Hardly the toast of the NHL, the Columbus Blue Jackets have struggled mightily in recent seasons, as evidenced by their disgruntled (though still loyal) fan base and less than mediocre on-ice product. Here’s a look at the BJ’s 2012-2013 season preview, and whether they have a chance to contend with the other powerhouses in the Central Division:
2011-2012 Season Recap:
The Columbus Blue Jackets had the worst record in the NHL last season, at 29-46-7, and had the fewest points (65) by a margin of 9 (Edmonton had 74). Columbus was abysmal across the board, ranking 26th in goals per game and 28th in goals allowed, at a clip of over 3.1 per game. Their special teams were no better, putting up the 24th best power play percentage and a penalty kill that was last in the league at only 76.6%. The only bright side is that the Blue Jackets are very young, and had the second overall pick in the 2012 NHL draft.
Without a doubt, Columbus’ best player and face of the franchise is Rick Nash. He led the Blue Jackets in points for the fifth straight year, registering 59 points with 30 goals. However, it appears that the Nash era may be coming to a close, as a trade that would deal the prolific scorer appears imminent. Other big time players for the Jackets include 37-year old Vinny Prospal, who led the team with 30 assists, Center Derick Brassard (also the subject of speculative trade rumors), 26 year old defenseman Nikita Nikitin, Defensemen Jack Johnson, who was dealt from the Kings earlier in the season, and newly discovered goaltender Allen York, a rookie who had the best GAA (2.3) on the team while starting the last 5 games in replace of lackluster veteran Curtis Sanford.
Already stated above, the biggest move of the Blue Jacket’s offseason has not occurred yet – the decision to deal or keep Rick Nash. GM Scott Howson is determined to get a massive package filled with NHL ready youngsters and multiple prospects with high upside, in exchange for the uber talented Nash. Although suitors are abound among the typical NHL buyers, both Nash’s no-trade clause and Howson’s inflexibility have dragged the process out for months. The most realistic options at this point appear to be the New York Rangers, San Jose Sharks, Pittsburgh Penguins, and Detroit Red Wings.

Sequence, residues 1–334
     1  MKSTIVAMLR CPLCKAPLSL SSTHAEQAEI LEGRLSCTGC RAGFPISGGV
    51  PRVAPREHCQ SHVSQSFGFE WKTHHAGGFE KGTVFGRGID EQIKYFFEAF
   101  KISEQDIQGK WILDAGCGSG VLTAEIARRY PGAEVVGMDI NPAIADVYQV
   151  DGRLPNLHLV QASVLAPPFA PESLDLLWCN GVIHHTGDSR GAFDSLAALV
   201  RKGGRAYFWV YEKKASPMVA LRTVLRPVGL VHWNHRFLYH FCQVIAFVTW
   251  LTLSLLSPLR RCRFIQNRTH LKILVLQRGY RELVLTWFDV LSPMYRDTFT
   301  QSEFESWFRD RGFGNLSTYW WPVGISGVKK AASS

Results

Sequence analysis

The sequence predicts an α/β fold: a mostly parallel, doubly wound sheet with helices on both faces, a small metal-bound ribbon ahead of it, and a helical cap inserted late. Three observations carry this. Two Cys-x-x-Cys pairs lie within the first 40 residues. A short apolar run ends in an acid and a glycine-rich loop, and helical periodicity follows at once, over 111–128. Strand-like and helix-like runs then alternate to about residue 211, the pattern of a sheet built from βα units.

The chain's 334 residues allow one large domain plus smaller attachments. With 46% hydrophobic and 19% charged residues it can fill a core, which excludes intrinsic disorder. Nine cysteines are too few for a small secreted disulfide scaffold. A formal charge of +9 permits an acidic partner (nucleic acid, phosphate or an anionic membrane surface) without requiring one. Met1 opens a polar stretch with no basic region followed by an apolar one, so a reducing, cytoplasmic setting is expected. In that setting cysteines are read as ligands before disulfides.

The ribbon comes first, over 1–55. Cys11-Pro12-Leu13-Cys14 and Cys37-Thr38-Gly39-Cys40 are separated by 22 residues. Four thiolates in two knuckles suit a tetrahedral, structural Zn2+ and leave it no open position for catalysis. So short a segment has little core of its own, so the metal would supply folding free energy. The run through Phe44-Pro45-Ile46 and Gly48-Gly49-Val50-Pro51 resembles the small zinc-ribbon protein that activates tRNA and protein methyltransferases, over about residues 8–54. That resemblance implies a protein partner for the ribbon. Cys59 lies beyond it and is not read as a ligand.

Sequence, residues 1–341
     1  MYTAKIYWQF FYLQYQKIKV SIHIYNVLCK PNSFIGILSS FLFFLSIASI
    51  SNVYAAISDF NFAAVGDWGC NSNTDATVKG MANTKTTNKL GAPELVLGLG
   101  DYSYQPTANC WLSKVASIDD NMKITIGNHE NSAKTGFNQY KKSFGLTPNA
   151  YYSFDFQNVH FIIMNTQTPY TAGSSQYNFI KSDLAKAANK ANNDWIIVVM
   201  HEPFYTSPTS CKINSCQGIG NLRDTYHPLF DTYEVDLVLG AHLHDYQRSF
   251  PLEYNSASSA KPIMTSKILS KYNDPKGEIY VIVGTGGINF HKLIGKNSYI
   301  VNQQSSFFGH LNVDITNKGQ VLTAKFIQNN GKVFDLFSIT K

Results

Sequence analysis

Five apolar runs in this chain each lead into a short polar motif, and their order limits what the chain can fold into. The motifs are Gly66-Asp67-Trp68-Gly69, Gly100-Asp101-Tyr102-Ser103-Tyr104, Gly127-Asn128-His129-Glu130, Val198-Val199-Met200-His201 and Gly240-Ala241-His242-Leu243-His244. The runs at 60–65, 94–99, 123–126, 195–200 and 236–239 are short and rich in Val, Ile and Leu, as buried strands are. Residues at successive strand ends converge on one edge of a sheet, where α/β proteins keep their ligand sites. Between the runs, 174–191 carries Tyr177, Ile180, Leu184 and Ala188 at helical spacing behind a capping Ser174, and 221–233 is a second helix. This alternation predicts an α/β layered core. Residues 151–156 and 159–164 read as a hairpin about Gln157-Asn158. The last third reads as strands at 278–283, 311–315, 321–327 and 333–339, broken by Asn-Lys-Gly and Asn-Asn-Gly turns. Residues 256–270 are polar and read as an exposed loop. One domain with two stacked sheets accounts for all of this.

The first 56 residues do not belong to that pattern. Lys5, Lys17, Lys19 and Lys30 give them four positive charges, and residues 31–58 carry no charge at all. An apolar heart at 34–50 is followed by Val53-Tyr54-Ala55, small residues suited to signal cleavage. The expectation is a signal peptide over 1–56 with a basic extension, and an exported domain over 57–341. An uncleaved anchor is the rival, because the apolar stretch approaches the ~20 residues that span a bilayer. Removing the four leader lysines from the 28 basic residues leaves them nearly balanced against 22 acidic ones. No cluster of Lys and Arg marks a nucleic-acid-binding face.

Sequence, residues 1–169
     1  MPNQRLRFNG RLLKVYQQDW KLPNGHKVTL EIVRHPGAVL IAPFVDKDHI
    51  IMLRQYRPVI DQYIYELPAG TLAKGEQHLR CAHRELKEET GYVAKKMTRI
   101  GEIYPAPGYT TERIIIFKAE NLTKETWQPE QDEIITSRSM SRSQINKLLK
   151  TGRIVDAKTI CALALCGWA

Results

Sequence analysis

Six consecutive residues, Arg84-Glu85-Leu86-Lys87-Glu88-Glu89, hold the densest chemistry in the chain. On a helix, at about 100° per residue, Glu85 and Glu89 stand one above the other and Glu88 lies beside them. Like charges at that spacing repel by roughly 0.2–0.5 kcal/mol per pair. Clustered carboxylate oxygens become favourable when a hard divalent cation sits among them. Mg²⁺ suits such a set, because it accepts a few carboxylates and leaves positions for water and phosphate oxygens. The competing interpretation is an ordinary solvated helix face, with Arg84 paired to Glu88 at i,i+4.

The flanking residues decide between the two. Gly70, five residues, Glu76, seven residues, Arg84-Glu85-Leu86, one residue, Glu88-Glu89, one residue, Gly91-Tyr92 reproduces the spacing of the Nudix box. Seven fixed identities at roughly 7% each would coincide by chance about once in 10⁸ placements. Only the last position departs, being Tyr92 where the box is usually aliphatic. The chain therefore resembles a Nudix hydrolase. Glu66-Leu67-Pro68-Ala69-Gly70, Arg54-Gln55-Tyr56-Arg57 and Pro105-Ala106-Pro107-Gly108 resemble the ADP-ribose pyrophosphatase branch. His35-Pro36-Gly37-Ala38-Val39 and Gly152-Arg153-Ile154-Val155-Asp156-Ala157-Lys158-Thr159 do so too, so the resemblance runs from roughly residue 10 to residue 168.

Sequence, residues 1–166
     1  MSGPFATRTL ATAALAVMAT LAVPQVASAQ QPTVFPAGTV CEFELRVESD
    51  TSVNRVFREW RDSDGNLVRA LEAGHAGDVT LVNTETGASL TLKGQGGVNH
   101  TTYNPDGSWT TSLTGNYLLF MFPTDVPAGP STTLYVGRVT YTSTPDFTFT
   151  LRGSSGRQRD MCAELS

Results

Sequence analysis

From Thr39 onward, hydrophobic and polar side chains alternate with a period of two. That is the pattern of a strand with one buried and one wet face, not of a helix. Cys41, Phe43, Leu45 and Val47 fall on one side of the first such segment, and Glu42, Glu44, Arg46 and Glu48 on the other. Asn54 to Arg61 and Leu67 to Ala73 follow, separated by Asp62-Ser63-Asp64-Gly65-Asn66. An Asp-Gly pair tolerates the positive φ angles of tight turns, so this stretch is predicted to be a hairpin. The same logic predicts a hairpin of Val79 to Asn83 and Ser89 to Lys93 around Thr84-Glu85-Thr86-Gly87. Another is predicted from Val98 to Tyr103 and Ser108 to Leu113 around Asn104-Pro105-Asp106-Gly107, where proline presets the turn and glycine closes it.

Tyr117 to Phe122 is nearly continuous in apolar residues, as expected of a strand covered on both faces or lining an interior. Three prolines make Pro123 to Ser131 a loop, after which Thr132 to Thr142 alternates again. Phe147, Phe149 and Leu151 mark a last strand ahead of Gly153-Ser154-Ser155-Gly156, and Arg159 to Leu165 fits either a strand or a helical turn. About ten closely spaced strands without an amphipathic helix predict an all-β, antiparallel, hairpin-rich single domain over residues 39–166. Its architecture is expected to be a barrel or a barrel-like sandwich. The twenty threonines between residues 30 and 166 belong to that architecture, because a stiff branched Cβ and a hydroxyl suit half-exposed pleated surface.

Along with the Nash drama, the Jackets have also been relatively busy during the free agent period, re-signing Jarod Boll to a two-year, 1.2 million dollar contract. Columbus also traded veteran D Marc Methot to Ottowa in exchange for Nick Filigno, who then signed a 3-year, 9.25 million dollar deal to remain with the club. These pickups should help add some leadership to team that was clearly lacking in veteran experience last season.
As hard as it was to find a strength in this team, I would say that their biggest asset is their youth and farm system. Although not known for having the best front office, Columbus has accrued some solid up-and-coming NHL talent (as seen in Nikitin, Foligno and Cam Atkinson), and have begun to draft more reliably, instead of going for the flashy (typically Russian) pick. Also, if Nash sticks around for another season, look for the power play to be much improved as Foligno should add some firepower. Expect the defense to pick up slightly, despite being in the bottom five in most defensive categories, as veterans Johnson and James Wisniewski anchor the up and coming unit.
Now, this was a bit easier. The Jackets biggest weakness last season was their penalty kill, which was ranked dead last in the NHL at 76.6% and allowed the most powerplay goals with 64. I expect this to improve somewhat as the Jackets develop some consistency at the goaltending position, but with the loss Marc Methot and uncertainty surrounding Nikitin, it will be a modest gain. If Nash remains, then the offense, like the power play, should improve, but expect it to fall off greatly if he is dealt, especially if the return products are mostly prospects.
Although I believe the Columbus Blue Jackets have improved their roster this offseason, and that their massive crop of young talent will start to emerge, it will not be this year. They will not improve on their terrible 5-17-2 mark within the division last year, and will again be at the bottom of the NHL in most categories. Hopefully, along with the trade of Rick Nash go the negative vibes in Columbus, as they try to rebuild a decimated franchise from the ground up.
25-48-9, 5th in Central Division, 15th in Western Conference
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Tags: Allen York Cam Atkinson Columbus Blue Jackets Derick Brassard Detroit Red Wings James Wisniewski Jarod Boll Marc Methot New York Rangers Nick Filigno Nikita Nikitin Pittsburgh Penguins Rick Nash San Jose Sharks Scott Howson Vinny Prospal